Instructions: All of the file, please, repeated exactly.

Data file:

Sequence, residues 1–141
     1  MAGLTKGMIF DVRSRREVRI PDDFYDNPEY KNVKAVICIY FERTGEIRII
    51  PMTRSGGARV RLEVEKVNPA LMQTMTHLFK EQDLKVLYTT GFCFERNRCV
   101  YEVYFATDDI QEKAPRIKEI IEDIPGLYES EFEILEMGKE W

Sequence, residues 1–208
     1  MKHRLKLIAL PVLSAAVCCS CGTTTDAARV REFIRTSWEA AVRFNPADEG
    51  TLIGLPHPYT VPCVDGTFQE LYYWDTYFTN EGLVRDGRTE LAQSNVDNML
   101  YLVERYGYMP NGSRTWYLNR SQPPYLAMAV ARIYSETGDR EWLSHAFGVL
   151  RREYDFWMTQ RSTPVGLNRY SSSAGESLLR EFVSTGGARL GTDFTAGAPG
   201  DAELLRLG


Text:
Sequence, residues 1–141
     1  MAGLTKGMIF DVRSRREVRI PDDFYDNPEY KNVKAVICIY FERTGEIRII
    51  PMTRSGGARV RLEVEKVNPA LMQTMTHLFK EQDLKVLYTT GFCFERNRCV
   101  YEVYFATDDI QEKAPRIKEI IEDIPGLYES EFEILEMGKE W

Sequence, residues 1–208
     1  MKHRLKLIAL PVLSAAVCCS CGTTTDAARV REFIRTSWEA AVRFNPADEG
    51  TLIGLPHPYT VPCVDGTFQE LYYWDTYFTN EGLVRDGRTE LAQSNVDNML
   101  YLVERYGYMP NGSRTWYLNR SQPPYLAMAV ARIYSETGDR EWLSHAFGVL
   151  RREYDFWMTQ RSTPVGLNRY SSSAGESLLR EFVSTGGARL GTDFTAGAPG
   201  DAELLRLG